The federal appeals court in Philadelphia has handed the tobacco industry a major victory by ruling that the health warnings on cigarette packages protect the industry from certain types of liability claims brought by smokers.

The three-judge panel of the Third U.S. Circuit Court of Appeals reversed a lower court's decision and held that federal law preempts state law on damage suits challenging whether the warnings are adequate or whether a cigarette company acted properly in advertising and promoting its products.

The industry hailed the ruling, which was filed Monday and released yesterday, and predicted it would end the rash of suits brought by or on behalf of smokers. Tobacco stocks soared in reaction to the news.

The ruling was handed down in a case that is expected to go to trial this autumn. The suit was brought on behalf of Rose D. Cippolone, a heavy smoker who died of lung cancer in 1984, and her husband Antonio against Liggett Group Inc., Philip Morris Inc., and Loew's Corp., the successor to P. Lorillard Inc.

U.S. District Judge H. Lee Sarokin, who is presiding over the case, ruled earlier this year on a pretrial motion that the federal law mandating the warnings on cigarette packages in 1966 did not shield the tobacco companies from claims that they failed to warn consumers adequately about potential dangers of smoking.

The appellate court did not rule on the merits of other claims in the case, and remanded it to the district court for "further development of the claims and theories of the parties."

The reversal of Sarokin's ruling by the appeals court means one more victory for the tobacco industry. More than 200 lawsuits have been filed against cigarette companies in the past 30 years. The companies say they have never lost a case or settled one out of court. R. J. Reynolds Industries Inc. recently won a liability case in Santa Barbara, Calif., and had another case thrown out by a Tennessee judge. About 50 other cases are pending.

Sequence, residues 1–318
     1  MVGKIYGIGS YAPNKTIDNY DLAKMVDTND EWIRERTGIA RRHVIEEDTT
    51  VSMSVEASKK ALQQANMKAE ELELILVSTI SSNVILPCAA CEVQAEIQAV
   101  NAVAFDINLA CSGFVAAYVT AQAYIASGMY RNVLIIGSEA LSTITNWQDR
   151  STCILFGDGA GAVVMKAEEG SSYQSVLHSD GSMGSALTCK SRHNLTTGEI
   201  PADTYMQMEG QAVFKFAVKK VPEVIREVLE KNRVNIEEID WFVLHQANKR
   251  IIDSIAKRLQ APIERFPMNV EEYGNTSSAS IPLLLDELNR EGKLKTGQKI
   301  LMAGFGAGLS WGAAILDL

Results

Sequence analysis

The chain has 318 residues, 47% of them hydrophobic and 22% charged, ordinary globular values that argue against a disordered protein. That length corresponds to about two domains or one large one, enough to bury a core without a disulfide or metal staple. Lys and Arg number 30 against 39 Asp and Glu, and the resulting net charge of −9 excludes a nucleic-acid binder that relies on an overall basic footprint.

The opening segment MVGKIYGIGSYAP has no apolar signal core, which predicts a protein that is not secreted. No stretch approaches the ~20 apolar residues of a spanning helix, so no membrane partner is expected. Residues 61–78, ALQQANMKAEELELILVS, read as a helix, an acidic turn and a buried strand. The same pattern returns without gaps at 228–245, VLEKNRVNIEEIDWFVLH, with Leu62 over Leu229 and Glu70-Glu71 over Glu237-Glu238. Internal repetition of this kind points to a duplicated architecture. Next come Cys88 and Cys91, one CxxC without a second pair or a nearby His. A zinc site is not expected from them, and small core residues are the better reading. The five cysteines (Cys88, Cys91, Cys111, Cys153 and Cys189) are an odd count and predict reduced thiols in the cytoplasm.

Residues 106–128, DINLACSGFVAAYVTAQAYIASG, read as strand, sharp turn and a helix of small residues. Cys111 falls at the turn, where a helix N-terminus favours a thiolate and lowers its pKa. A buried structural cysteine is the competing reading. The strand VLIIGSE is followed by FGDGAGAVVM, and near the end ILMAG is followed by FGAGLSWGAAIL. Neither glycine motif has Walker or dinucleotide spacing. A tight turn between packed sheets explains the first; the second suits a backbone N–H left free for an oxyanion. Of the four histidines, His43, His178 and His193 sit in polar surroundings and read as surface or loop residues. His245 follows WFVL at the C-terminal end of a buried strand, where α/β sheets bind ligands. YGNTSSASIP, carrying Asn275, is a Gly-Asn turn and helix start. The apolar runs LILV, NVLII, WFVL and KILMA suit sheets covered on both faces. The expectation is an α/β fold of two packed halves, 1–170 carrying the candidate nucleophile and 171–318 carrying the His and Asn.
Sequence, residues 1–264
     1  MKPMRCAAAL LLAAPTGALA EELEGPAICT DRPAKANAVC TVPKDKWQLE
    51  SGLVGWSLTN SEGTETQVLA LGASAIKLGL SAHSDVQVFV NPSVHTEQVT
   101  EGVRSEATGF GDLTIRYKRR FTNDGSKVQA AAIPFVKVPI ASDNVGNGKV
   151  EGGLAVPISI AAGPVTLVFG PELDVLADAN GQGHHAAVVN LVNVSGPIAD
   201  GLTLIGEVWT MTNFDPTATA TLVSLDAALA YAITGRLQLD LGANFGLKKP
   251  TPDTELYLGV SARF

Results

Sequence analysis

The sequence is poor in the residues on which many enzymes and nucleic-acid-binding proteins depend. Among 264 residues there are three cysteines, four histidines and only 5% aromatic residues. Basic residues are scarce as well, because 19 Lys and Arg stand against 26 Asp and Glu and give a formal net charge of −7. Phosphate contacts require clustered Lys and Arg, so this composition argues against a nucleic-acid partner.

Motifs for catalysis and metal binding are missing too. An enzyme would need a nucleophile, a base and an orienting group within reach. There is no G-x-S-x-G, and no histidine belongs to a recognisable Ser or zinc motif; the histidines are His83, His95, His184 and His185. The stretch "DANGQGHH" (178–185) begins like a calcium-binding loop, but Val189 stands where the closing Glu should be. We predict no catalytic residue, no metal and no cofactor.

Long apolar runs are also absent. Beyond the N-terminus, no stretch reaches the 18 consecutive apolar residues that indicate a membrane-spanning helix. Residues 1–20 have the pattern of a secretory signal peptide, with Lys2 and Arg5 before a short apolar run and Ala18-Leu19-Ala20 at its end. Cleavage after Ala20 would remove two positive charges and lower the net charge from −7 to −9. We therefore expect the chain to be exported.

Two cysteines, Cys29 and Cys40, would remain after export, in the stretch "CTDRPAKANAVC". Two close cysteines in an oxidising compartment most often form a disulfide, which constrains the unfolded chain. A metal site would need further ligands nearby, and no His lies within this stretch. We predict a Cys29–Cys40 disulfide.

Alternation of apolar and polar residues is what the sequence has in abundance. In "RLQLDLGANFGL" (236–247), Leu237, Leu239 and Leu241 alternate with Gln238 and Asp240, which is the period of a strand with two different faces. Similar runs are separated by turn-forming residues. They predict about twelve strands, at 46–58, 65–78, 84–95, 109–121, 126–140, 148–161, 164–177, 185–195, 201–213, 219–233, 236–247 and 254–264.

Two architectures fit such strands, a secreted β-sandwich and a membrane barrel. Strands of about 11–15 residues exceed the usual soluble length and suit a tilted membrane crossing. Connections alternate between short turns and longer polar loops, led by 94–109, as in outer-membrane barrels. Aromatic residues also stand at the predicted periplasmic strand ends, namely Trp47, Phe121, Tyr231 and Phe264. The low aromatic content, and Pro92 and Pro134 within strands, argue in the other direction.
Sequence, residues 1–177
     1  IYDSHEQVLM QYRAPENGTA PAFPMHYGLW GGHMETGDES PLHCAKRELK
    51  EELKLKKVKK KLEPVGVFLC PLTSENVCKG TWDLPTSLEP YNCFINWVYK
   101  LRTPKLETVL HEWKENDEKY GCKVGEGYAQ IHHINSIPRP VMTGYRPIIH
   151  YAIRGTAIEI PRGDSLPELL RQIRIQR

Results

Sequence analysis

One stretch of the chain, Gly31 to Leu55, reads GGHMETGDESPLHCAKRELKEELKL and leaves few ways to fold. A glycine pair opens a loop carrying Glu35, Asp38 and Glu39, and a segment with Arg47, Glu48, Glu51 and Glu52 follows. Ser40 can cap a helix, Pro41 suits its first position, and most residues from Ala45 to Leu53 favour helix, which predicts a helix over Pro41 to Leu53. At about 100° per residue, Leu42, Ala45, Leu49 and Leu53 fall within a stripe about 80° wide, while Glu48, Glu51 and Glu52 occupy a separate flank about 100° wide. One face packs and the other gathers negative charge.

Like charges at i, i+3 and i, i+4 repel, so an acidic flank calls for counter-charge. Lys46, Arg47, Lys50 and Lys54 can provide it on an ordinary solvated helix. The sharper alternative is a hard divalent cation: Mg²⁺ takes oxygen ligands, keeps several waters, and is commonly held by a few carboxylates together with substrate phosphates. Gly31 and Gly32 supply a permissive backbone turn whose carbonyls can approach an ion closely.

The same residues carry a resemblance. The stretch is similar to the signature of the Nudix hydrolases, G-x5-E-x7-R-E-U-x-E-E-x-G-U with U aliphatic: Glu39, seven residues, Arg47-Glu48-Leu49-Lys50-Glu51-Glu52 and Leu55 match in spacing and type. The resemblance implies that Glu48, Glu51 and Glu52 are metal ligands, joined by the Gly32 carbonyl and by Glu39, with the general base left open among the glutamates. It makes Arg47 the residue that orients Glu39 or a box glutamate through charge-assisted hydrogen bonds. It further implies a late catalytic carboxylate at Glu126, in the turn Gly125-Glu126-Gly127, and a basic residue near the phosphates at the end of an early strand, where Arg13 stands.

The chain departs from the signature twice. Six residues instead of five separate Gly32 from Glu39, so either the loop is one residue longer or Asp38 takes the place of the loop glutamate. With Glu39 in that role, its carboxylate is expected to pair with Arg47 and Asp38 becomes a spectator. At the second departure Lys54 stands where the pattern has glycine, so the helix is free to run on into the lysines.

"We regard this decision as a complete vindication of the industry's position," said a spokeswoman for Philip Morris. "We believe that this decision should, as a practical matter, lead to an end to most, if not all, of the smoking and health litigation filed against the cigarette industry."

Jim Murren, a tobacco industry analyst with Cyrus J. Lawrence Inc. in New York, said he believes that the opinion will discourage the vast majority of potential plaintiffs from going to court. "It creates the perception that the tobacco companies are not as vulnerable as they originally seemed to be," Murren said.

Marc Z. Edell, an attorney for the Cippolones, said he will ask for a rehearing and, if it is denied, he will appeal to the Supreme Court.

Were the appeals court opinion upheld, it would "definitely hurt the new wave of [cigarette] lawsuits," said John F. Banzhaf, a law professor at George Washington University and executive director of Action on Smoking and Health. However, he added that elimination of the warning as a cause of action "would not be fatal because there are other legal theories under which plaintiffs are proceeding."